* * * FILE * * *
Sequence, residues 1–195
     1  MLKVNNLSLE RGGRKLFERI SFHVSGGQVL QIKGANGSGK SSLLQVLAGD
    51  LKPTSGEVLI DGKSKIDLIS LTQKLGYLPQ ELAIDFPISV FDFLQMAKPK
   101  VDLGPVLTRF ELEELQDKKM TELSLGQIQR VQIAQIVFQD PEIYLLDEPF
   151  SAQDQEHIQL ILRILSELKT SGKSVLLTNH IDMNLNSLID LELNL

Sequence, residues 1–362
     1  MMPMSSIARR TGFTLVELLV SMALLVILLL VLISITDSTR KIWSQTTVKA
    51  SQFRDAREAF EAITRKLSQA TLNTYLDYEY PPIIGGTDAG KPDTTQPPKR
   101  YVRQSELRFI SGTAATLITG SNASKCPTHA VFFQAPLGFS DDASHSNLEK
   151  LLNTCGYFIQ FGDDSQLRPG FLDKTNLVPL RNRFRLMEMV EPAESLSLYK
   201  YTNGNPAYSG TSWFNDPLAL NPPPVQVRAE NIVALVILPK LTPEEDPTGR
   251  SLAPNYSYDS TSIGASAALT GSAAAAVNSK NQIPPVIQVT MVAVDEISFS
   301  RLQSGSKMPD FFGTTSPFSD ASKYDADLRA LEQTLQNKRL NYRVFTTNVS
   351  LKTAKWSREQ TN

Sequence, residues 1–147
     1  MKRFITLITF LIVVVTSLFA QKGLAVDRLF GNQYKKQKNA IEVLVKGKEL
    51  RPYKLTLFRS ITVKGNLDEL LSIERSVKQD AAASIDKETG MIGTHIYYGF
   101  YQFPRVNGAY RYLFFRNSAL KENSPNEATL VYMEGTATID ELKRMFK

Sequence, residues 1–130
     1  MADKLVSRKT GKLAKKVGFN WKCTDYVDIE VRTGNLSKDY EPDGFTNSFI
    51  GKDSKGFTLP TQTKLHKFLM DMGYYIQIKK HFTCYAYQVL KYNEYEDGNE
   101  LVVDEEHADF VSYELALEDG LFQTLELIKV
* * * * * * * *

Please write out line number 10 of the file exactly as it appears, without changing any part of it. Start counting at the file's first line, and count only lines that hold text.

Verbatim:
   151  LLNTCGYFIQ FGDDSQLRPG FLDKTNLVPL RNRFRLMEMV EPAESLSLYK